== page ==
New Study in Mice shows Promise for Treating Cavernous Angioma

In a collaborative effort, researchers at the University of Chicago, University of California San Diego, and Duke University have completed a study that shows a drug, called Fasudil, in the future may be used to treat patients with Cavernous Angioma.

The study was done using a mouse model for Cavernous Angioma.  These mice have been genetically modified so that they develop brain lesions similar to those found in human Cavernous Angioma patients.  Mice were treated with either Fasudil or a placebo for four months.  After the treatment period, the mice were examined for brain lesions.  The researchers found that the treated mice had fewer and smaller-sized lesions than those who had the placebo.

So, what is Fasudil?  Fasudil is a drug that is used in Japan to treat patients who have suffered a brain aneurysm.  Fasudil is not currently approved for use in the United States.  However, the researchers involved in this study plan to continue investigating this line of research and if more promising results are found, they will work with the drug manufacturer and the FDA to develop human clinical trials for Fasudil in the US.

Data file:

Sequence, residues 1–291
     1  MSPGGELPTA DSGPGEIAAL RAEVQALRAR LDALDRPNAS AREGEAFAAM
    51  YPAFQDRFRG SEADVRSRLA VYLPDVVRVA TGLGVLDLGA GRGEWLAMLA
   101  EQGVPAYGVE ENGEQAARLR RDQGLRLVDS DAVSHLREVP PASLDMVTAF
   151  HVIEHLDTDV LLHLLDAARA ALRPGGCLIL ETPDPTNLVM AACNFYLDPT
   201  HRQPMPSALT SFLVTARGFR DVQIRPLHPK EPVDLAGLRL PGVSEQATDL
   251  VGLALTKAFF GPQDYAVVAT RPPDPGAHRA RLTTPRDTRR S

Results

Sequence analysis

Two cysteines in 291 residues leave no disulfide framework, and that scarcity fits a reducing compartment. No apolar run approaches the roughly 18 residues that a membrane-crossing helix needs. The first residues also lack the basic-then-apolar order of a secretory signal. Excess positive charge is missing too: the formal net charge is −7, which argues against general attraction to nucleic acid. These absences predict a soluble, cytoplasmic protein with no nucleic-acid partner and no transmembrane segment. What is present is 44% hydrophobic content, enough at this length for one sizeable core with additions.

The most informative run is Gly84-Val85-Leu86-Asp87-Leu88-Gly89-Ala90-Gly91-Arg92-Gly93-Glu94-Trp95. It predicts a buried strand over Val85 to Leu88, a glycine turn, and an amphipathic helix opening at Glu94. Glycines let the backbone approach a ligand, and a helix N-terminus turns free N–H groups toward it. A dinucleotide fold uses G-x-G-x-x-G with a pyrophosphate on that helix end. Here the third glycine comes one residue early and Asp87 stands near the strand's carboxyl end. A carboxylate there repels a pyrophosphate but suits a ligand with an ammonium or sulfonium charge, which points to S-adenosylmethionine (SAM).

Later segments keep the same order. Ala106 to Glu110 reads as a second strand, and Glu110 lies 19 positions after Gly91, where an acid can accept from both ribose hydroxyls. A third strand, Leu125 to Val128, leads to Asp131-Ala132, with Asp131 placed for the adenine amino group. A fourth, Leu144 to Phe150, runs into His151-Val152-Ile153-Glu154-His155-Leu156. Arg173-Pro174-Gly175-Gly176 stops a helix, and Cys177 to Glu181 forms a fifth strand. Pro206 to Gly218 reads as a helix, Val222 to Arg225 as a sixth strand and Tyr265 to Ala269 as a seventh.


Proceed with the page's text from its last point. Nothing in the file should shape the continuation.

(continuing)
In summary, senior author, Dr. Issam Awad explains, “this treatment does not cure the disease. But if it is successfully translated to human therapy, it would be a bit like treating multiple sclerosis, where many treatments do not eliminate the primary disease trigger, but can muffle it, slow it down and make it not as serious, and therefore allow a patient to effectively live with the disease, as opposed to having the disease dictate their health.”

The paper called, “Fasudil decreases lesion burden in a murine model of cerebral cavernous malformation disease,” was published online Oct. 27, 2011, by Stroke, and in the January 2012 print issue of the journal.  You may access the full press release for this paper by clicking HERE.

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